Sunday, October 12, 2008

More about the new versions defense by Dr. Daniel B. Wallace (2)

After identifying the different set of Greek texts that are the basis for the revised Bibles, Dr. Wallace's essay goes on to list "many archeological and manuscript discoveries" and "philosophical influences" such as changed translational standards, as other differences from the era of the King James:

These three differences--textual, informational, philosophical--have been the parents of a new generation of Bible translations. But are these translations any good? Are they any better than the King James?

For the rest of the essay, we will examine each of these influences and then, finally, try to see which translation is best.

II. The Text of Modern Translations
Where have all the verses gone? The modern translations seem to have cut out many of the most precious lines of Scripture. They end Mark's gospel at the 8th verse of chapter 16; they omit the reference of the angel of the Lord stirring the waters at the pool of Bethesda (verse 4 of John 5); and, most notably, they excise the story of the woman caught in adultery in John 8.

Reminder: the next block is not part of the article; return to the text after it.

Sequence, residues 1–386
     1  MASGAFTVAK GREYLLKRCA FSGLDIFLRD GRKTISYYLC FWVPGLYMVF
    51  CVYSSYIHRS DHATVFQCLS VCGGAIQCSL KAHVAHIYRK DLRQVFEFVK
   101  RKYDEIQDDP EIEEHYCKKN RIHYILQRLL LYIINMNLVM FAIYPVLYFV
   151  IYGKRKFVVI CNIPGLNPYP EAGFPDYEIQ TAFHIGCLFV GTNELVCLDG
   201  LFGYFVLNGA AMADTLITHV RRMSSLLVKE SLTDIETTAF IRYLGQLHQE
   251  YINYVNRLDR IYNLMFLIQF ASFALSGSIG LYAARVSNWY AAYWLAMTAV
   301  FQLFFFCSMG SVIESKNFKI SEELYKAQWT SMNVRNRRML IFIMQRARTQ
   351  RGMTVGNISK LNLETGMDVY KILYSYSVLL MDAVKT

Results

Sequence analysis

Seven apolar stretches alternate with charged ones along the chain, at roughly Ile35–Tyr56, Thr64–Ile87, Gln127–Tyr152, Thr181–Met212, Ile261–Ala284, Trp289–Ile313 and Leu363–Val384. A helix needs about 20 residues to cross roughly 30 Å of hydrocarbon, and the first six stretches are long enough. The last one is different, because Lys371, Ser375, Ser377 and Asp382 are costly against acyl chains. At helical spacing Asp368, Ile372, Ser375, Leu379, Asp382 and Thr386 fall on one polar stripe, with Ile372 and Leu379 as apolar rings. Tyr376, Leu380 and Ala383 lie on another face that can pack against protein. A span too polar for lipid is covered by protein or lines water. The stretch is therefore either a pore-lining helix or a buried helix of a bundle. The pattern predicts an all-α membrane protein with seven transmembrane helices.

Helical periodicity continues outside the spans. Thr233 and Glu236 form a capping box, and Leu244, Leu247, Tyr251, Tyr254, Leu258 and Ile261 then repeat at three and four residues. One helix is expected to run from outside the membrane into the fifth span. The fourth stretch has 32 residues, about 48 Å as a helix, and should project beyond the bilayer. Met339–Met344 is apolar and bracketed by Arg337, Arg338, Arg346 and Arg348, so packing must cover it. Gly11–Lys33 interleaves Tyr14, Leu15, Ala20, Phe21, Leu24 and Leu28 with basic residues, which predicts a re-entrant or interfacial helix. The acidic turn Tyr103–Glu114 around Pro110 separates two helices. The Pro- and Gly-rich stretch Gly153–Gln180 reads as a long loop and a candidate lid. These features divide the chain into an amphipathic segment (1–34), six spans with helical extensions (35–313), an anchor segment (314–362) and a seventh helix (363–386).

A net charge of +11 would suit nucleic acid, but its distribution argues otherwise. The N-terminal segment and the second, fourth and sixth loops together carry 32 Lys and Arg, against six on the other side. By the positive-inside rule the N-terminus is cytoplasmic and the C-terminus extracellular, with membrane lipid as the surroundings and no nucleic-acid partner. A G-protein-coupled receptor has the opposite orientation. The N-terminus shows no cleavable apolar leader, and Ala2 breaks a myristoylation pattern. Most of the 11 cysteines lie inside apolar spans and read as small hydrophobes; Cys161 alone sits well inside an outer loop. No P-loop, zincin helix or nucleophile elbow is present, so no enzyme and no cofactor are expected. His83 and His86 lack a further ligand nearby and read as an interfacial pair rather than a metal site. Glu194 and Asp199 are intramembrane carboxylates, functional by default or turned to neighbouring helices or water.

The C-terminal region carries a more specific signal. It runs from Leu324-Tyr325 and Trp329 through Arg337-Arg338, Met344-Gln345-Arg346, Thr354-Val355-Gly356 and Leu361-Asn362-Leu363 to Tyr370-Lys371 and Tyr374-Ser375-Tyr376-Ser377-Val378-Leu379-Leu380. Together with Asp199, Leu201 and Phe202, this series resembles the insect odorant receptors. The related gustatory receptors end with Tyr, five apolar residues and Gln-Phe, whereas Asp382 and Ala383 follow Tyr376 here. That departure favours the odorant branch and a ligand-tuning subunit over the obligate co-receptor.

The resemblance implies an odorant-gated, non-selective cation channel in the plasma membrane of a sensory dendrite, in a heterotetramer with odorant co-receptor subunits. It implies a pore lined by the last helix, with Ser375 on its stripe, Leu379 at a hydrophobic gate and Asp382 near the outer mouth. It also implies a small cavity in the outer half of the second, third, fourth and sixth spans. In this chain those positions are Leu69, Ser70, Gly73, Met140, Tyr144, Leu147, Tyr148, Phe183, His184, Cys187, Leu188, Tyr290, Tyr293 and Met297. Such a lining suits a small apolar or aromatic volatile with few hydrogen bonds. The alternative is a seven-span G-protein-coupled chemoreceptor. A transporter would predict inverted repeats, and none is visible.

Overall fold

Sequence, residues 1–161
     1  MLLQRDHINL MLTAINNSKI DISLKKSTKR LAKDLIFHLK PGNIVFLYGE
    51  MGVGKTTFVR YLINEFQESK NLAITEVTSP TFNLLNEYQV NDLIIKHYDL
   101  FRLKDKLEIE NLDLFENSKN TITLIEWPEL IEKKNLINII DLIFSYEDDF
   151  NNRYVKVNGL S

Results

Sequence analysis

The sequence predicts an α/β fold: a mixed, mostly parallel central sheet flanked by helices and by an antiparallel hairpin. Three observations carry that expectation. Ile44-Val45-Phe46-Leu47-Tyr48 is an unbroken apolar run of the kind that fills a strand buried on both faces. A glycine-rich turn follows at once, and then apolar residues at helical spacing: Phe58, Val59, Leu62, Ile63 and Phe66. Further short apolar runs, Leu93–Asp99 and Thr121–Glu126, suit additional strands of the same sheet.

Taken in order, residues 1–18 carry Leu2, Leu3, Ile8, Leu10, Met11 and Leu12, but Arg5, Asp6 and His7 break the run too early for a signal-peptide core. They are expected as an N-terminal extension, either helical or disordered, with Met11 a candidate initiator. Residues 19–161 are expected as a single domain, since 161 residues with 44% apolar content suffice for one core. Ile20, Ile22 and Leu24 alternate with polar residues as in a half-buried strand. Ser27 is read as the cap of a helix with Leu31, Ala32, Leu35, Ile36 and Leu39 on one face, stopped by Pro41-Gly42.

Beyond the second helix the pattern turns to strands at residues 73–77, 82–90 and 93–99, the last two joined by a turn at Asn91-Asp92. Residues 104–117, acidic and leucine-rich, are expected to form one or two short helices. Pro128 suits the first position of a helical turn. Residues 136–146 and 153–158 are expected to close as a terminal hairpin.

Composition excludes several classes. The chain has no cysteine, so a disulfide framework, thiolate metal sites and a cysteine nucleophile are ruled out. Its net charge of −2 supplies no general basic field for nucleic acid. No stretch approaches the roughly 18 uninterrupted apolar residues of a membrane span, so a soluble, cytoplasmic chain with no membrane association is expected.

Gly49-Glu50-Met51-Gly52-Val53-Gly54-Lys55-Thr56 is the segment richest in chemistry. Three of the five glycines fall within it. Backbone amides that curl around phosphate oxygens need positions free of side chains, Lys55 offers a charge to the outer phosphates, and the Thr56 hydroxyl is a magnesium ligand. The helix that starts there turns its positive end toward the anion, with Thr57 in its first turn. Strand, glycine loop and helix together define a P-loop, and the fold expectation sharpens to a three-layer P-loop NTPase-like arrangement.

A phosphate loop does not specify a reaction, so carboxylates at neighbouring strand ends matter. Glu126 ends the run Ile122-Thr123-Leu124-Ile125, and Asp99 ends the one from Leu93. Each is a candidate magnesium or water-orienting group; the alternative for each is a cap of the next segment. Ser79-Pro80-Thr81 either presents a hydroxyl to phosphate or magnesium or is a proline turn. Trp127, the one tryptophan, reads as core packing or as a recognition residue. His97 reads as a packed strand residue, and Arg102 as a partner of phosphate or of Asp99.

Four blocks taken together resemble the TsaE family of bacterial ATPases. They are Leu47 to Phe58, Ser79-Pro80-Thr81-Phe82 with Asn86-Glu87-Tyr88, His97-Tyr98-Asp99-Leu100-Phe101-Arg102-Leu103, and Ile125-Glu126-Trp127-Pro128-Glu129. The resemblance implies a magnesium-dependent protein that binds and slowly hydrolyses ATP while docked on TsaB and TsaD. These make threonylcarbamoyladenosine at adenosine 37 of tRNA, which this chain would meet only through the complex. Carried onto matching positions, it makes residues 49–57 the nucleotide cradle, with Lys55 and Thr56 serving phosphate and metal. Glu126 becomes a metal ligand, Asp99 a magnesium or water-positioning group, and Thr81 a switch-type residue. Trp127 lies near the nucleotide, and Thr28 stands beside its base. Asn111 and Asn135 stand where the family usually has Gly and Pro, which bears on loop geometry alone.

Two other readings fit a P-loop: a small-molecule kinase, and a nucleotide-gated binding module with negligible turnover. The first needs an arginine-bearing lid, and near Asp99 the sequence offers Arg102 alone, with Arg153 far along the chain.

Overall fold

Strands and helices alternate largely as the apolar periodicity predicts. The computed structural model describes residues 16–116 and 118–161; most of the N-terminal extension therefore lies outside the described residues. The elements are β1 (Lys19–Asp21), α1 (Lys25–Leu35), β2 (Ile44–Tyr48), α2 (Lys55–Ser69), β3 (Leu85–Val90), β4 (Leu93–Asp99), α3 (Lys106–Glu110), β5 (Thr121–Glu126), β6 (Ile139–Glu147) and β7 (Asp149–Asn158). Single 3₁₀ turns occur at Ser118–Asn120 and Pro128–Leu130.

Besides omissions, these modern versions make significant changes in the text. For example, in I Timothy 3:16, the King James reads, "God was manifest in the flesh," but most modern translations read, "He was manifest in the flesh." In Revelation 22:19 the King James speaks of the "book of life" while virtually all modern versions speak of the "tree of life." Altogether, there are hundreds of textual changes between the King James and modern translations.

In this brief essay we cannot determine who is right. But we can make a few observations.
Well, if you'd just focus on what Westcott and Hort actually did, their utterly unjustified changes and the fruit of their work in the proliferation of Bibles as mere commodities created by human invention with ever-multiplying unjustified changes to confuse the sheep, we wouldn't need to discuss who is right or any of the observations that will follow.

First, the textual changes in the modern translations affect no major doctrine. The deity of Christ, virgin birth, salvation by grace alone--and all the rest--are still intact. Though certain passages are omitted or changed, the doctrines are not.

There are evangelicals who prefer the King James and there are some evangelicals who prefer the modern translations.
This is completely irrelevant to the real concern. That we can still eke out all the major doctrines from the modern versions is simply a smoke screen for the glaring fact that those major doctrines are precisely what have taken a hit in the Greek texts preferred by Westcott and Hort and all Bibles based on them.